When hearing loss is left untreated, studies have found it can lead to irritability, anger, negativity, tiredness, tension, depression and stress. It can lead to further problems and can have many psychological implications, including feelings of shame and low self-esteem. In addition to this, there can be a physical impact of hearing loss including headaches, increased blood pressure, stress and tense muscles.
However, hearing loss isn’t something to feel ashamed about and it shouldn’t lend itself to having a negative self-image or feelings. In fact, hearing loss is becoming increasingly common – it was found in 2015 that more than 11 million people across the UK experience some kind of hearing loss. This is one in six within the population. It is predicted that by 2035, this number will rise to 15.6 million, which will mean one in five people have hearing loss. If you are experiencing difficulties with your hearing, you really aren’t alone.
It is also becoming far less debilitating in everyday life. For starters, more than 24,000 people across the country now use sign language as their main language. Additionally, around 6.7 million people are able to benefit from hearing aids.
With the many advances in technology, there are now many ways of dealing with hearing loss, from hearing aids to wax removal, tinnitus treatment to custom-made ear plugs and assistive listening devices. It is far more common than ever before for people to wear hearing aids, and it is certainly not something to feel ashamed of or concerned about.
There is, of course, a physical and social impact from hearing loss. It can make it hard to be in situations where lots of people are talking, or where there is loud background noise. It can also be difficult to chat with people over the phone or from afar, and it can make it challenging to continue life in the same way as you had once known. This can feel frustrating, isolating and embarrassing, but it shouldn’t mean you aren’t able to lead a normal life.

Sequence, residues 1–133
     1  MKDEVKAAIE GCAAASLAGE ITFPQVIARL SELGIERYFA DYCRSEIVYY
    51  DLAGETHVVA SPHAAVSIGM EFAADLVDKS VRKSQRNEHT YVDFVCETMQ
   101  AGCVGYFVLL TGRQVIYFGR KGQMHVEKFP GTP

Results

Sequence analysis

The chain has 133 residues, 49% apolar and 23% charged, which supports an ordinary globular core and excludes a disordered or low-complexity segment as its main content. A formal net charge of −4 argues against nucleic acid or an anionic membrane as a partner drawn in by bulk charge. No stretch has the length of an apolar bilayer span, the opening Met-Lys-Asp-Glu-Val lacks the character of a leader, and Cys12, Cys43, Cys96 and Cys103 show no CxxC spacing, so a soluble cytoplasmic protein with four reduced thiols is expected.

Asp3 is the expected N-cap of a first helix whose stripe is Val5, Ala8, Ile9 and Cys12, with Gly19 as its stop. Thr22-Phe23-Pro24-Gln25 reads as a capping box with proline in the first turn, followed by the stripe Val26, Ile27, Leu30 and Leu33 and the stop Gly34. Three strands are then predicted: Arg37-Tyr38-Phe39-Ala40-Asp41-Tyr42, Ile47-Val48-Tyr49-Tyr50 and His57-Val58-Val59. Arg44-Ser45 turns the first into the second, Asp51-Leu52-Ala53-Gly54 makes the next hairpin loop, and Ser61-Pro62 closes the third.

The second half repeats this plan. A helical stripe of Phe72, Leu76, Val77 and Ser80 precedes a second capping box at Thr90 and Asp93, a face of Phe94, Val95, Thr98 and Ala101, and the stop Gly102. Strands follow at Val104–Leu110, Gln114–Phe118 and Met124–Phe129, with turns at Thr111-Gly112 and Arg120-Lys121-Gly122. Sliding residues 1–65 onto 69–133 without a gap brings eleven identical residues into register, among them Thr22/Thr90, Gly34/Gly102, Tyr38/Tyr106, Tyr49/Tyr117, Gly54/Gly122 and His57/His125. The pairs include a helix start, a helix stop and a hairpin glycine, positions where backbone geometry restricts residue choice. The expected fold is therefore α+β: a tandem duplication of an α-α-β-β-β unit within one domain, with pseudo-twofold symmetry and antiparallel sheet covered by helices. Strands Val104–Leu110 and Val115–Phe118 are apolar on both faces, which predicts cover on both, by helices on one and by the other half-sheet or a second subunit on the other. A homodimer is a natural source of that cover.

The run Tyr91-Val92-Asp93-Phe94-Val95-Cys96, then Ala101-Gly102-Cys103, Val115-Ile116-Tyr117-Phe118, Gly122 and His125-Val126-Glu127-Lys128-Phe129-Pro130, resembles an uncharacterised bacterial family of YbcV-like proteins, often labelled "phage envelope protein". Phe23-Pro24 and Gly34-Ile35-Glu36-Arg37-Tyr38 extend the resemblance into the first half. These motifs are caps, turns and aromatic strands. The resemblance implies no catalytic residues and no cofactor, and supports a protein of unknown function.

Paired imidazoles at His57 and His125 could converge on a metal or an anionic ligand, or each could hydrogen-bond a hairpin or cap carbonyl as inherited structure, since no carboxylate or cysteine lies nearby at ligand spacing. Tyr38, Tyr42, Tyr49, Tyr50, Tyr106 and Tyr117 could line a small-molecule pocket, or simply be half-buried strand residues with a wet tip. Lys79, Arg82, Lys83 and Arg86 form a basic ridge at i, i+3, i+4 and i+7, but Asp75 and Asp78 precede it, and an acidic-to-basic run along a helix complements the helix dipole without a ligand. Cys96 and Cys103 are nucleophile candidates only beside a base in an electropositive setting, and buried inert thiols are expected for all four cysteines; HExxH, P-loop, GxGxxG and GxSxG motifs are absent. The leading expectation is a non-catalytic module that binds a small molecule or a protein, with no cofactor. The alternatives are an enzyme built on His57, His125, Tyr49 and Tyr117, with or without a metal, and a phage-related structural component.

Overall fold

Being able to follow a conversation with your family and friends in a noisy setting, thanks to wearing a hearing or assistive listening device, should far outweigh any feelings of isolation that will surround your hearing loss. You will be able to continue your normal relationships, and won’t have to turn down invitations.
Similarly, being able to listen to things you find enjoyable and pleasurable, such as the radio or television, should far outweigh any concerns you might have about wearing hearing instruments. These devices are often small and hard to notice, and typically people won’t realise you are wearing one unless you make a point of mentioning it.
We want to find you the right solution for your hearing difficulties at angli-EAR Hearing, so get in touch with us today to find out all the ways we can help.